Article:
Originally Posted by GerandTwine
Here is a link ( https://www.washingtonpost.com/news/...=.dd3c87d32a04
) to a short article including a graph showing results of scientific study. Also, this distribution of alcohol use has not changed very much since the founding of the U.S.
How would you expect this distribution curve would be altered given the hypothetical that TFM were to be utilized by everyone in the U.S.?
If you have not seen this article before, does it give you, in any way, a new perspective about alcohol epidemiology?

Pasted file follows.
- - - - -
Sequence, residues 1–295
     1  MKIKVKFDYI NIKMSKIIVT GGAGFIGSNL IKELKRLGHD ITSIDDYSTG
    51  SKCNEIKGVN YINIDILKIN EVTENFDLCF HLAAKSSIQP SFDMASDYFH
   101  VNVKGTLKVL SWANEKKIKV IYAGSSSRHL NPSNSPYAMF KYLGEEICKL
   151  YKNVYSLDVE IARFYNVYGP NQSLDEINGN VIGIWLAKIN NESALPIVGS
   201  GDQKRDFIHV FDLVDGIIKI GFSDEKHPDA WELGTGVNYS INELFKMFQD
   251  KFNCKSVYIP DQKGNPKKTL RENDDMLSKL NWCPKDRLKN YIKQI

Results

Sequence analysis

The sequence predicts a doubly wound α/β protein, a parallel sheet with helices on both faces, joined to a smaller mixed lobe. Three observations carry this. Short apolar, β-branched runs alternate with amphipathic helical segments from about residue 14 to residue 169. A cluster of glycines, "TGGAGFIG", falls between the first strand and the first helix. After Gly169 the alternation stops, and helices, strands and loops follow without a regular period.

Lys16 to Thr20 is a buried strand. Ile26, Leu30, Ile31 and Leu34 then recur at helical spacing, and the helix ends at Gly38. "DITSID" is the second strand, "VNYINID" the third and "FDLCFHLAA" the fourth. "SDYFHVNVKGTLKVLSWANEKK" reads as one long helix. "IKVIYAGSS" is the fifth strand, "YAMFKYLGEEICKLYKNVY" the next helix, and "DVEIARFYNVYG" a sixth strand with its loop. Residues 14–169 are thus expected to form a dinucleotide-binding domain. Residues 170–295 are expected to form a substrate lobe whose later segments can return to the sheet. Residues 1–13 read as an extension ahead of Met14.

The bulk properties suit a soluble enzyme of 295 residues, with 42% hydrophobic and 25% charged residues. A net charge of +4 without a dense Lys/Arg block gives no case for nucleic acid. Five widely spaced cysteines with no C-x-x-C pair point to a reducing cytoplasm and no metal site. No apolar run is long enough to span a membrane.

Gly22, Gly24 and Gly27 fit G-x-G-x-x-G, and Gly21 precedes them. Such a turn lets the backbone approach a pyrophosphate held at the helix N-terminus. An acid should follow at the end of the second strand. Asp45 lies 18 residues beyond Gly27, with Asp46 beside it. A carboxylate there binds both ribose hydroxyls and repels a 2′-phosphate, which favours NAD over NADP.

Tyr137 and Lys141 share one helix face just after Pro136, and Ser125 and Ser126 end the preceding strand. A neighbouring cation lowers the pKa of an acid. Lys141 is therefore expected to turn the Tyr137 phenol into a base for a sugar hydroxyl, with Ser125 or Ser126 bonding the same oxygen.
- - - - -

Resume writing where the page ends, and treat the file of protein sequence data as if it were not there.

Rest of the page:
I have seen it, and it seems pretty consistent with most other data I've seen, including that about 9% of people who drink in a given year fit the diagnosis for alcohol dependence. It hasn't given me any new perspective on alcohol epidemiology.
It seems like you have an idea in mind on how this should change my beliefs. I don't know what that idea is, so I'd welcome you to tell me what you think the significance of this particular piece of data is to my beliefs.